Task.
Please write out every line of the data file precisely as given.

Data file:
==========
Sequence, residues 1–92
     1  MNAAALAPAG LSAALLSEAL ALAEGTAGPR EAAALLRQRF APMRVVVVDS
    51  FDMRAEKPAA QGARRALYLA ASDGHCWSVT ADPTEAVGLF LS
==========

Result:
Sequence, residues 1–92
     1  MNAAALAPAG LSAALLSEAL ALAEGTAGPR EAAALLRQRF APMRVVVVDS
    51  FDMRAEKPAA QGARRALYLA ASDGHCWSVT ADPTEAVGLF LS